19 Coping with the Bullwhip Effect in Leading Companies Reduce uncertaintyPOSSharing informationSharing forecasts and policiesReduce variabilityEliminate promotionsYear-round low pricingReduce lead timesEDICross dockingStrategic partnershipsVendor managed inventoryData sharing
20 Example: Quick Response at Benetton Benetton, the Italian sportswear manufacturer, was founded in In 1975 Benetton had 200 stores across Italy.Ten years later, the company expanded to the U.S., Japan and Eastern Europe. Sales in 1991 reached 2 trillion.Many attribute Benetton’s success to successful use of communication and information technologies.
21 Example: Quick Response at Benetton Benetton uses an effective strategy, referred to as Quick Response, in which manufacturing, warehousing, sales and retailers are linked together. In this strategy a Benetton retailer reorders a product through a direct link with Benetton’s mainframe computer in Italy.Using this strategy, Benetton is capable of shipping a new order in only four weeks, several week earlier than most of its competitors.
22 How Does Benetton Cope with the Bullwhip Effect? 1. Integrated Information Systems• Global EDI network that links agents with productionand inventory information• EDI order transmission to HQ• EDI linkage with air carriers• Data linked to manufacturing2. Coordinated Planning• Frequent review allows fast reaction• Integrated distribution strategy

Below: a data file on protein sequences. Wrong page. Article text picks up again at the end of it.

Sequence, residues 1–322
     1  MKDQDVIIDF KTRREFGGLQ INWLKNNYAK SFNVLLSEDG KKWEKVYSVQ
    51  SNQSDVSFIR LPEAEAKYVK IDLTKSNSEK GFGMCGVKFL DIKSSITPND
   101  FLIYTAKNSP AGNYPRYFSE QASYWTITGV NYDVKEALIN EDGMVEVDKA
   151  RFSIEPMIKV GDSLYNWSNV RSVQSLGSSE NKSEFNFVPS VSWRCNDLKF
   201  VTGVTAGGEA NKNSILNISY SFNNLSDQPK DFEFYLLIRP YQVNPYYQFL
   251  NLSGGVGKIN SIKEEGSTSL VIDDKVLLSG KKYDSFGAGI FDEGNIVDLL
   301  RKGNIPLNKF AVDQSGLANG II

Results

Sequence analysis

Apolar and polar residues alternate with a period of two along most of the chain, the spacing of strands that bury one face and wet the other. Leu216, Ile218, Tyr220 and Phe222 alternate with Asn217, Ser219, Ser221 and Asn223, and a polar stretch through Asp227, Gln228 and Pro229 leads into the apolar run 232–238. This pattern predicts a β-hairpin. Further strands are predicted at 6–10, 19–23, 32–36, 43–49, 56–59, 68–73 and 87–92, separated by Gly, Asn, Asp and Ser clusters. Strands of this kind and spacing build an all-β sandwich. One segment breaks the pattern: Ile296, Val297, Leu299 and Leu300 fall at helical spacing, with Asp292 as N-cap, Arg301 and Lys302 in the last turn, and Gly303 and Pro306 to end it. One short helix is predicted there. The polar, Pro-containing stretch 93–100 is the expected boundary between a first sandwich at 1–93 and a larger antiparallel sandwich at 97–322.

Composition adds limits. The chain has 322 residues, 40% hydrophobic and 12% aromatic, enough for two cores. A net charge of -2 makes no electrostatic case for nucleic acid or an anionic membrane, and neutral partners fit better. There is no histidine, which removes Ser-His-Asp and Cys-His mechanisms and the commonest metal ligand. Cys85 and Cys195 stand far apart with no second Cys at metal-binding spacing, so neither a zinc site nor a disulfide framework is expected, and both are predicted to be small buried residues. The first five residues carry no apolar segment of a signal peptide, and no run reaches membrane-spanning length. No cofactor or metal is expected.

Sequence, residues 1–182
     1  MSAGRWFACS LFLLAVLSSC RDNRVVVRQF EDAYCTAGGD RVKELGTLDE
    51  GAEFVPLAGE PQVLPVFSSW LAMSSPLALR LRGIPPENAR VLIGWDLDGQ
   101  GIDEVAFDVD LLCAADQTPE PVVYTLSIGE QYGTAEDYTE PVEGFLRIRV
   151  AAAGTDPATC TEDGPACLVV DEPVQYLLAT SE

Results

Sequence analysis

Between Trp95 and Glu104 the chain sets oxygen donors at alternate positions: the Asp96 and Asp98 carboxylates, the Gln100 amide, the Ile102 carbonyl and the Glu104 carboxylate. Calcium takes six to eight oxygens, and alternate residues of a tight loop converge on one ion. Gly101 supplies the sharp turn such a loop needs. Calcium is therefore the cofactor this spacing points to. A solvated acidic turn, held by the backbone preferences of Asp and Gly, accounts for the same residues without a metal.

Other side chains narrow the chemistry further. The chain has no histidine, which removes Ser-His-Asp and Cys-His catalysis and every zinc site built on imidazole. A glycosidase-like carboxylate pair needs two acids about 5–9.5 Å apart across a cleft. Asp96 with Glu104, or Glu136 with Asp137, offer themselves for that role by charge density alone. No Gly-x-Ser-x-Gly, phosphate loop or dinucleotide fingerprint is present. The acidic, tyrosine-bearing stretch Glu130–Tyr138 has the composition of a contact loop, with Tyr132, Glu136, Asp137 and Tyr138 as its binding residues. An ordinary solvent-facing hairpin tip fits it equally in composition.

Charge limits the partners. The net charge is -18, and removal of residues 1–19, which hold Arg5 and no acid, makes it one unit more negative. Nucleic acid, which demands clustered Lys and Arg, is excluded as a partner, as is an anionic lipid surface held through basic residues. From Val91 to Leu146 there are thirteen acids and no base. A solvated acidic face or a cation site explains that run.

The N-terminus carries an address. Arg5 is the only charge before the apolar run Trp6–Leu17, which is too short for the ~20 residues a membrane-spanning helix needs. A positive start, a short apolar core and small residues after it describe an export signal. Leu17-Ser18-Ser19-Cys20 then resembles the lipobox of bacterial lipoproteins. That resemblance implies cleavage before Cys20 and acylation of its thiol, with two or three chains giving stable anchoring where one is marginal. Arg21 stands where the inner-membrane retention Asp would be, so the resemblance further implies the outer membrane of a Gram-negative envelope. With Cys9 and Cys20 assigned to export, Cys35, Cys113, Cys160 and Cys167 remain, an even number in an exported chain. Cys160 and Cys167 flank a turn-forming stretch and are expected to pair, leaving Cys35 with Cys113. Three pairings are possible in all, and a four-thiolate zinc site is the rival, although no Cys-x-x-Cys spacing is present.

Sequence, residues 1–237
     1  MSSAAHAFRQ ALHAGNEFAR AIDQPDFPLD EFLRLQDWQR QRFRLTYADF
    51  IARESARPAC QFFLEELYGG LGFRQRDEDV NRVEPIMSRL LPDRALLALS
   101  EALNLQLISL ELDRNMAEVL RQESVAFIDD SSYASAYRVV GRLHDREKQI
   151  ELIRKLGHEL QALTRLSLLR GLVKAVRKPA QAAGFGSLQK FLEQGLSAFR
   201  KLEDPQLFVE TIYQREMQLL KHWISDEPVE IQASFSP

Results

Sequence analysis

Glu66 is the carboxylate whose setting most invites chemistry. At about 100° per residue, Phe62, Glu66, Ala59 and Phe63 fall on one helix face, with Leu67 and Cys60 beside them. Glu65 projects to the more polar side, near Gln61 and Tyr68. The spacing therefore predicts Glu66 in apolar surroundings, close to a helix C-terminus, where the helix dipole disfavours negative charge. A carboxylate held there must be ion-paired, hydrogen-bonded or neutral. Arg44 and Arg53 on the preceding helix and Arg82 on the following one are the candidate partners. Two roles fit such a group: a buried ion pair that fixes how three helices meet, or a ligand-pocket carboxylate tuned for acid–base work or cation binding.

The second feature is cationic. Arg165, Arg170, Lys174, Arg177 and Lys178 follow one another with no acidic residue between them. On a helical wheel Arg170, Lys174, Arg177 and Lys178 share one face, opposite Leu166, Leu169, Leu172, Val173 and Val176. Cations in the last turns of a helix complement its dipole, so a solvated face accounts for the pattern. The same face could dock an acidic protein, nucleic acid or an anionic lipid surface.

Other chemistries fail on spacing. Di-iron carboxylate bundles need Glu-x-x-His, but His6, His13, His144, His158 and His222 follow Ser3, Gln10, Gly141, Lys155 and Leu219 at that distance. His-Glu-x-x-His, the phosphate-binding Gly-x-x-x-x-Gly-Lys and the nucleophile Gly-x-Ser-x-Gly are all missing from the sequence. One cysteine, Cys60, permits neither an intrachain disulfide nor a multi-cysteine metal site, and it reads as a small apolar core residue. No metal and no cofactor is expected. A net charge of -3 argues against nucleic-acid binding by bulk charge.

23 Information for Effective Forecasts Pricing, promotion, new productsDifferent parties have this informationRetailers may set pricing or promotion without telling distributorDistributor/Manufacturer might have new product or availability informationCollaborative Forecasting addresses these issues.
24 Information for Coordination of Systems Information is required to move from local to global optimizationQuestions:Who will optimize?How will savings be split?Information is needed :Production status and costsTransportation availability and costsInventory informationCapacity informationDemand information
25 Locating Desired Products How can demand be met if products are not in inventory?Locating products at other storesWhat about at other dealers?What level of customer service will be perceived?
26 Lead-Time Reduction Why? How? Customer orders are filled quickly Bullwhip effect is reducedForecasts are more accurateInventory levels are reducedHow?EDIPOS data leading to anticipating incoming orders.
27 Information to Address Conflicts Lot Size – Inventory:Advanced manufacturing systemsPOS data for advance warningsInventory -- Transportation:Lead time reduction for batchingInformation systems for combining shipmentsCross dockingAdvanced DSSLead Time – Transportation:Lower transportation costsImproved forecastingLower order lead timesProduct Variety – Inventory:Delayed differentiationCost – Customer Service:Transshipment